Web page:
The intellectual goal of this seminar is to conduct a systematic and historical self-reflection of German Studies in its relationship to the idea of the German nation. More specifically, we seek to explore critically the intricate entanglement of philology, literature, and the idea of a German nation, with an emphasis on the so-called Sattelzeit (1750 – 1850), but also with a look on what we generally call German studies or Germanistik today.
The seminar focuses on two significant moves: the transfer of value from the classical languages to the vernacular as a medium for literature, and the framing of literature as a semiotic system that allows for the articulation and discernment of distinctions that can be understood as national-cultural differences. National philology played a pivotal role in this process, as it amplified and rendered “wissenschaftlich” national differentiation. Philologists even advanced themselves as the primary interpreters of the national spirit, the “Volksgeist,” thereby advancing the conception of a self-replicating, monolingual, and territorially rooted German people.
At the same time, however, philological scrutiny, as performed by for example the Brothers Grimm, was completely dependent on comparative analyses of multiple languages, and furthermore discovered and explored the inherent multilingualism of the German (and any other) language, and thereby subtly subverted the national paradigm. For the philologist, there were always several languages, and hence several nations, and continual and uncontainable traffic among them. Philologists themselves, some concluded, were not even fully embedded members of their own nations, since they by definition always read, understood, analyzed, and urgently needed more than one language.
The seminar will pay attention to both the literary and the academic-philological contributors to the processes of nationalization and de-nationalization (e.g. Herder, Goethe, the Grimms, Heine, and others). It addresses anyone concerned with the constitution of German Studies as a nation-building project, including historians, and particularly invites colleagues interested in paradigms of monolingualism/multilingualism, and in theories of nationhood, gender and race. Critical investigations of race and gender are indeed crucial to this project. First, academic philology was an all-male discipline premised on the idea of the mother tongue; the mother-child bond allowed for the transmission of the national language. Second, as a discipline focused on the origin, descent, and differentiation of language groups, philology intersected and entwined with racial theories of human populations.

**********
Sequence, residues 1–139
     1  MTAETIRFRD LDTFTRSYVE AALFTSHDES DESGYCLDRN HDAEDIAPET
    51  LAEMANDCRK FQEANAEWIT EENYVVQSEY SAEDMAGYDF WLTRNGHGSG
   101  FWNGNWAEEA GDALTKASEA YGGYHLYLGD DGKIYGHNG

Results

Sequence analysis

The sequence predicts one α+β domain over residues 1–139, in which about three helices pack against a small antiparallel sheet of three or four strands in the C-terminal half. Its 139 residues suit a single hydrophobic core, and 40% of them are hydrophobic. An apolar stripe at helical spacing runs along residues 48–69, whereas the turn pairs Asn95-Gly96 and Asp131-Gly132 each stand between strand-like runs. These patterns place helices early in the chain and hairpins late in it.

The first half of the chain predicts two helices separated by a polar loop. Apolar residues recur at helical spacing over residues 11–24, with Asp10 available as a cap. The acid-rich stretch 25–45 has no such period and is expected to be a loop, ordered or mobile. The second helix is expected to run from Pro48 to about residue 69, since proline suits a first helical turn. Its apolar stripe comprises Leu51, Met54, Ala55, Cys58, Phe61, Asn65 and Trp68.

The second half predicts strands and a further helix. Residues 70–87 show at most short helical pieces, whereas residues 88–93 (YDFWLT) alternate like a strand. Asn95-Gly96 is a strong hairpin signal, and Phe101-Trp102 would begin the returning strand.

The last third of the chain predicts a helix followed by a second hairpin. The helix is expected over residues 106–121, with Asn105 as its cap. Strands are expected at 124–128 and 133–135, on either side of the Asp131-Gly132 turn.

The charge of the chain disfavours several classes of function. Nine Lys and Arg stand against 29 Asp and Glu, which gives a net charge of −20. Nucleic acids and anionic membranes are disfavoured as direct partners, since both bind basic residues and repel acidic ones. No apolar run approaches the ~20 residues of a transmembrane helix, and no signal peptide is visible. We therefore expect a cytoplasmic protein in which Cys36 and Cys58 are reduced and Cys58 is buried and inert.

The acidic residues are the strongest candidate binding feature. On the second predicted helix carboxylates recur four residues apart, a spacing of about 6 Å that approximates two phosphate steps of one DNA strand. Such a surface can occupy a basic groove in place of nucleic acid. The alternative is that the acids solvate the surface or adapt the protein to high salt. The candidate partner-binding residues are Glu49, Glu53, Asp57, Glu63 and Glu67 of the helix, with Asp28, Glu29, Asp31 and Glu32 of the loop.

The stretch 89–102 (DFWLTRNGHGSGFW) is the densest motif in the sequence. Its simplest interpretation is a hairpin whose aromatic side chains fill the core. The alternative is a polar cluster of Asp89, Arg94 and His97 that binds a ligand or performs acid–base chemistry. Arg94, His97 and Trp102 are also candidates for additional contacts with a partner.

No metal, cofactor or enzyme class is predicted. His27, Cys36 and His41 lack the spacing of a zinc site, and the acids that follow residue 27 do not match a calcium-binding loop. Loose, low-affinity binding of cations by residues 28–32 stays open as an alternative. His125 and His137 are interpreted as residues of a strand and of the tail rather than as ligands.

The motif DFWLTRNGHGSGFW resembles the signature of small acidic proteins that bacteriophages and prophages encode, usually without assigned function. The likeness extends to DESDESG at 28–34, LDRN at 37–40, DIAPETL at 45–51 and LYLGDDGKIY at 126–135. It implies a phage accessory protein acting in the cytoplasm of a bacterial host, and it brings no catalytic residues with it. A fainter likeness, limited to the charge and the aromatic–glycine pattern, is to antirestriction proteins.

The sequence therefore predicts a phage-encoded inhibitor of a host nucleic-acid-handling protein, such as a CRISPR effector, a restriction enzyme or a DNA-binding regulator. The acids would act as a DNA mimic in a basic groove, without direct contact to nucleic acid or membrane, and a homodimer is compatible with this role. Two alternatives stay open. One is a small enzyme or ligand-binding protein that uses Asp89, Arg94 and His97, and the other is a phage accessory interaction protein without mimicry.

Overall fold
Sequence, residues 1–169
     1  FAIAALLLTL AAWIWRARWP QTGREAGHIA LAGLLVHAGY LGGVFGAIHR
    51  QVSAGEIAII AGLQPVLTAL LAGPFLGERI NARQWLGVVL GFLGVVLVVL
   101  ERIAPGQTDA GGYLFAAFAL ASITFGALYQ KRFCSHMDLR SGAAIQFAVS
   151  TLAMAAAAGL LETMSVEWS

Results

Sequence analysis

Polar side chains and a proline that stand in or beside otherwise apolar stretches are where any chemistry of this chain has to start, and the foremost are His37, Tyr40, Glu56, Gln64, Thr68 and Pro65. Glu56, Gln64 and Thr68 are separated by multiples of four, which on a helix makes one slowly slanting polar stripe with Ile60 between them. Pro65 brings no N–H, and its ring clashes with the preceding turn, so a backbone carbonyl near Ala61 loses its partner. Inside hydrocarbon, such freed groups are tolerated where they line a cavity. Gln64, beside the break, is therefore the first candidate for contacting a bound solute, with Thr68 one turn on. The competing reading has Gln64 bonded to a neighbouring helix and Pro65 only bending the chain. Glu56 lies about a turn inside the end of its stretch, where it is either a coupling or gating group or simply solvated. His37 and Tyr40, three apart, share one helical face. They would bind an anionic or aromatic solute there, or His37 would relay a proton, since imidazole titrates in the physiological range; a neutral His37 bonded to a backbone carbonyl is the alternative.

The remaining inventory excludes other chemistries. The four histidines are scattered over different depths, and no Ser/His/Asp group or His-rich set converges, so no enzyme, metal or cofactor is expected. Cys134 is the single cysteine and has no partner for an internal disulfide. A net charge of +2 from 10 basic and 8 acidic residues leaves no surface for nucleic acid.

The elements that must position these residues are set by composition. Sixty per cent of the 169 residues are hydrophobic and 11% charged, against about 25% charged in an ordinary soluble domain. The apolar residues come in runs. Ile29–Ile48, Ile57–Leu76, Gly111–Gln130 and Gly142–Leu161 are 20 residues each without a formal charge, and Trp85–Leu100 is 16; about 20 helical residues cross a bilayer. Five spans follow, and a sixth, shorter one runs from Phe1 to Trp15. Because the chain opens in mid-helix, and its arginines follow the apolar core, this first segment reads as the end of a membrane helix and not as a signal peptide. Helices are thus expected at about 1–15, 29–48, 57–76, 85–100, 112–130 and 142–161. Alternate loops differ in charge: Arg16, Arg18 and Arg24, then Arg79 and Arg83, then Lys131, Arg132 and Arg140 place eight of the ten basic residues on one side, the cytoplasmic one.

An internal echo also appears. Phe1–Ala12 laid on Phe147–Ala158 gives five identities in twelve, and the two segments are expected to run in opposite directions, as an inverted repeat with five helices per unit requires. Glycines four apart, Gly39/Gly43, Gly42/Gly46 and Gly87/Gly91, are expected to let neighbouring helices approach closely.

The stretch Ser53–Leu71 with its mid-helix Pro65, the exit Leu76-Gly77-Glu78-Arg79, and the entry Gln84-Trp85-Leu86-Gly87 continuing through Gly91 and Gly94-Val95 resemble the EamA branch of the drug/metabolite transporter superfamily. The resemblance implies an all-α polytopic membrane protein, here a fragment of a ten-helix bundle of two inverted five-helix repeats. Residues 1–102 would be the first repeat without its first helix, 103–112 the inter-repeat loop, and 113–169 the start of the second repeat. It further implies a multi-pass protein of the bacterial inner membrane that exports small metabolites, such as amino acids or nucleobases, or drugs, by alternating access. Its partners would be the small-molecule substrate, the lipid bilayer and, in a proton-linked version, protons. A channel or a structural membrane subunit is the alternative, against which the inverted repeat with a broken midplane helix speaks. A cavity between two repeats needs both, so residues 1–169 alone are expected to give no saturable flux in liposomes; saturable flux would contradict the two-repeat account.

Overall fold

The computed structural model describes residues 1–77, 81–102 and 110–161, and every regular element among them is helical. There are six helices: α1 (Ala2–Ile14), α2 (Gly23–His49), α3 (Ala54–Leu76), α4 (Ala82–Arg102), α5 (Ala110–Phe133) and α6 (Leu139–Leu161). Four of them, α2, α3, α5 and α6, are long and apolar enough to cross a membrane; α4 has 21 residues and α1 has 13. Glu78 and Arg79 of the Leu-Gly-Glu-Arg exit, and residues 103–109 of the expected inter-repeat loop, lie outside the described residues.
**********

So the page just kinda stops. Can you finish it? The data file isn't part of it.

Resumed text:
Please submit a 250-word abstract of your seminar contribution as well as a brief bio. Seminar enrollment opens on 5 January 2019, and applications are due by 26 January 2019. Responses will be sent out on 31 January. Please visit the GSA website and submit electronically at https://www.xcdsystem.com/gsa.
Please contact conveners, Till Dembeck ([log in to unmask]), Jakob Norberg ([log in to unmask]), or Christopher Busch ([log in to unmask]), with any questions. For more information about the 2019 German Studies Association Conference, see here: https://www.thegsa.org/conference/current-conference.
Prof. Dr. Till DEMBECK
Institut für deutsche Sprache und Literatur und für Interkulturalität
UNIVERSITÉ DU LUXEMBOURG
Maison des Sciences Humaines
11, Porte des Sciences
******************* The German Studies Call for Papers List Editor: Sean Franzel Assistant Editor: Olaf Schmidt Sponsored by the University of Missouri Info available at: https://grs.missouri.edu/german/resources